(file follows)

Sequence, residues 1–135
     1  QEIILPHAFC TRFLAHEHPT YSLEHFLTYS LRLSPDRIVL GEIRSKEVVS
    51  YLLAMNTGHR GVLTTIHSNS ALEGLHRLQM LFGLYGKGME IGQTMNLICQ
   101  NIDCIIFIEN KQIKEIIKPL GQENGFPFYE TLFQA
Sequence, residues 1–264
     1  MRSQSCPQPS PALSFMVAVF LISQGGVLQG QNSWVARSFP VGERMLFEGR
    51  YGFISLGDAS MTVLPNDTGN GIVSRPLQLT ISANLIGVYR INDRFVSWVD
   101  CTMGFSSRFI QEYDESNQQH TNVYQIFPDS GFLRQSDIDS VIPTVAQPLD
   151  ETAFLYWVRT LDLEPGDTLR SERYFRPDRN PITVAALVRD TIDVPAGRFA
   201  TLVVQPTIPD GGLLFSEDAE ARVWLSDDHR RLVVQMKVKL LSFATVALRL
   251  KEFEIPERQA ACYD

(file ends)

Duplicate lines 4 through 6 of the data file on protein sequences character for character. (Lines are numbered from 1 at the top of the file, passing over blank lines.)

   101  NIDCIIFIEN KQIKEIIKPL GQENGFPFYE TLFQA
Sequence, residues 1–264
     1  MRSQSCPQPS PALSFMVAVF LISQGGVLQG QNSWVARSFP VGERMLFEGR